What Drugs Can Be Flushed into a Septic Tank - Septic Tank Maintenance and Protection Advice
DRUGS INTO the SEPTIC TANK? - CONTENTS: How to dispose of un-wanted drugs and medical supplies - not into the toilet, not into the septic tank, Don't flush un-used drugs into the septic tank; Excreted medications and their effect on private septic systems
Pouring Drugs into the Toilet, Sink, or Septic System?
Drugs, prescription or prescription medicines, should never be flushed down a toilet unless your pharmacist or the drug
manufacturer tells you specifically that the particular drug is absolutely harmless to the environment.
While this is not a new topic,
as recently as April 2007 the New York Times reported the growing detection of pharmaceuticals such as birth control pills, anti-depressants,
painkillers, shampoos, and other compounds in rivers, lakes, streams, and ground water, including possibly drinking water.
The Times article described "pharmaceutical and personal care products" or "P.P.C.P.'s which are being flushed down drains and
which pass through sewage treatment systems and private residential septic systems into the aquifer.
Beyond a possible hazard of inadvertent consumption of antibiotics (and growing development
of bacteria resistant to our antibiotics), it is possible that very low levels of other compounds will have a drastic affect on some
animals, possibly going un-detected until that population declines beyond its ability to recover.
Reader Question: ok to put chemotherapy drugs into the septic tank?
23 Janyart 2915 David said:
I have a friend who lives on a rural property, serviced by well & septic. He is receiving chemotherapy for prostate cancer. It was his oncologist( who also lives on a property with well & septic) that suggested he rent a Portopottie to use while he was being treated. Doc said my friend's human waste could contain enough residual of the chemo to upset or kill off the bacteria in the septic system. Doc also said the same thing could be true of people on extended course of certain strong antibiotics.
It makes sense, but has anyone else ever heard of it before?Does Doc know septics or should he stick to medicine?
David in addition to the comments above, we discuss flushing drugs, particularly antibiotics, into septic systems at
And in the research below be sure to see Johnson (2008), "Do cytotoxic chemotherapy drugs discharged into rivers pose a risk to the environment and human health? An overview and UK case study."
However I'm not sure that a single individual's drugs are enough to kill off septic tank bacteria and I've not found any authoritative research that supports the argument for individuals. Where such problems were reported they involved multi-occupant nursing homes and hospitals.
Impact of Antibiotics & Other Drugs on Residential Septic Systems
Question: septic pumper company says taking medications can kill off good septic tank bacteria - is that true?
11/6/2015 Larry said:
Our septic has had to be pumped every 6 months recently, We don't put anything down we shouldn't. The company that pumped said that taking medication could kill off the good bacteria in the tank. Is that true? My wife and I are both taking medication. Could this cause a problem?
Having to pump a septic tank every 6 months does not fix an underlying problem of an under-sized or poorly designed system or more likely a failed drainfield; it doesn't make sense to me unless you're using your system with a failed drainfield and treating it as a semi-holding tank; a septic tank at a typical home is re-filled in a few days after pumping; faster if groundwater is leaking into the tank; so it's not right that the septic tank should be kept below its normally-full level.
Taking some meds, particularly antibiotics and some nuclear medicines can send meds into the septic tank; from what I've researched the risk of harm to the septic tank has been confirmed for nursing homes and hospitals using onsite wastewater treatment systems. I'd be a surprise if the level of antibiotics from 2 adults,diluted by other normal wastewater usage, would be a problem.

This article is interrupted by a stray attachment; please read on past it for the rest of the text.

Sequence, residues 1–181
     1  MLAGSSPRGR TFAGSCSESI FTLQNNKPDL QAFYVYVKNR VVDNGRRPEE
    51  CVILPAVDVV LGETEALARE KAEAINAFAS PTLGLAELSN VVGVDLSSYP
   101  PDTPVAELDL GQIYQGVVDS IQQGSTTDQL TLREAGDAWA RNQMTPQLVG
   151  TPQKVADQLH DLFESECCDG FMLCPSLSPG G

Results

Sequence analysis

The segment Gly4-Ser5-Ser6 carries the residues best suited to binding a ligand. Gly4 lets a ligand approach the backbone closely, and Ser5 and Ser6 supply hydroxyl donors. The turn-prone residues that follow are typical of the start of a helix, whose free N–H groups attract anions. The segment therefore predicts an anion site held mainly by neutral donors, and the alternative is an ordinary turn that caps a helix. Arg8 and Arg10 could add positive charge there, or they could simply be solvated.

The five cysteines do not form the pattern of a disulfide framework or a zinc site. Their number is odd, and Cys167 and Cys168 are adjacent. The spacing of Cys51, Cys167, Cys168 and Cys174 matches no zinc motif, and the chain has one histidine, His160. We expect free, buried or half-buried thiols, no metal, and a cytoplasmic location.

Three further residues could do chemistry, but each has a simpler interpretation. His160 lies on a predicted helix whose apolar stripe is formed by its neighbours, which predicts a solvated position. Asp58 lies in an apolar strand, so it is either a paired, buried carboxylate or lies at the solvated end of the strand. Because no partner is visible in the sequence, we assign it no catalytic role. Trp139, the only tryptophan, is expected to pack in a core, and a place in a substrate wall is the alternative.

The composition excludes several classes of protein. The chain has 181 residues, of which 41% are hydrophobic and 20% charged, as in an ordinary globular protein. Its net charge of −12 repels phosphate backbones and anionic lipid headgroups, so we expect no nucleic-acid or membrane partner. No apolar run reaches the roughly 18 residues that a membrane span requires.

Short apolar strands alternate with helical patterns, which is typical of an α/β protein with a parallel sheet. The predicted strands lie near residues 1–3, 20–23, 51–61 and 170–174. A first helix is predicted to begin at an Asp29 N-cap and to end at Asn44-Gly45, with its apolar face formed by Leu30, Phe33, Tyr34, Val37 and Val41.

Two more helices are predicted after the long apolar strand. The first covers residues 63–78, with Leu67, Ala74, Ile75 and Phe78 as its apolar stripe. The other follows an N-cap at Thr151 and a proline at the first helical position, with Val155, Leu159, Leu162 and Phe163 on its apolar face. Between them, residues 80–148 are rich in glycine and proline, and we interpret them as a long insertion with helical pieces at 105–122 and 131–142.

Below I cite confirming research; you'll see that the titles or abstracts of these articles generally point to large volume operations such as hospitals and nursing homes or community wastewater streams.
Question: effects of chemotherapy chemicals on the septic drainfield
(Aug 28, 2014) Karen said:
Can the urine from a radiation treatment patient flushed into septic tank cause grass in drain field to turn brown?
Urine, even containing drugs or radioactive medications, from an individual, drained into a private septic system would be too small a quantity to produce high concentrations of anything that would be likely to explain grass dying over a drainfield.
I agree that if stuff flushed down drains makes it into the septic tank and IF the septic tank baffles are intact, the items may remain in the tank. But there's a good chance of clog-ups right at the tank inlet baffle - worth inspecting there.
Research on pharmaceuticals and other drugs on wastewater and on septic systems
Aleem, Asma, Jasmine Isar, and Abdul Malik. "Impact of long-term application of industrial wastewater on the emergence of resistance traits in< i> Azotobacter chroococcum</i> isolated from rhizospheric soil." Bioresource Technology 86, no. 1 (2003): 7-13.
Basheer, Chanbasha, Han Guang Chong, Toh Ming Hii, and Hian Kee Lee. "Application of porous membrane-protected micro-solid-phase extraction combined with HPLC for the analysis of acidic drugs in wastewater." Analytical chemistry 79, no. 17 (2007): 6845-6850.
Berto, Josiani, Gisele Canan Rochenbach, Marco Antonio B. Barreiros, Albertina XR Corrêa, Sandra Peluso-Silva, and Claudemir Marcos Radetski. "Physico-chemical, microbiological and ecotoxicological evaluation of a septic tank/Fenton reaction combination for the treatment of hospital wastewaters." Ecotoxicology and Environmental Safety 72, no. 4 (2009): 1076-1081.
Buerge, Ignaz J., Hans-Rudolf Buser, Thomas Poiger, and Markus D. Müller. "Occurrence and fate of the cytostatic drugs cyclophosphamide and ifosfamide in wastewater and surface waters." Environmental science & technology 40, no. 23 (2006): 7242-7250.
Carrara, Cherilyn, Carol J. Ptacek, William D. Robertson, David W. Blowes, Michael C. Moncur, Ed Sverko, and Sean Backus. "Fate of pharmaceutical and trace organic compounds in three septic system plumes, Ontario, Canada." Environmental science & technology 42, no. 8 (2008): 2805-2811. - Abstract: Three high volume septic systems in Ontario, Canada, were examined to assess the potential for onsite wastewater treatment systems to release pharmaceutical compounds to the environment and to evaluate the mobility of these compounds in receiving aquifers. Wastewater samples were collected from the septic tanks, and groundwater samples were collected below and down gradient of the infiltration beds and analyzed for a suite of commonly used pharmaceutical and trace organic compounds. The septic tank samples contained elevated concentrations of several pharmaceutical compounds. Ten of the 12 compounds analyzed were detected in groundwater at one or more sites at concentrations in the low ng L−1 to low µg L−1 range. Large differences among the sites were observed in both the number of detections and the concentrations of the pharmaceutical compounds. Of the compounds analyzed, ibuprofen, gemfibrozil, and naproxen were observed to be transported at the highest concentrations and greatest distances from the infiltration source areas, particularly in anoxic zones of the plumes.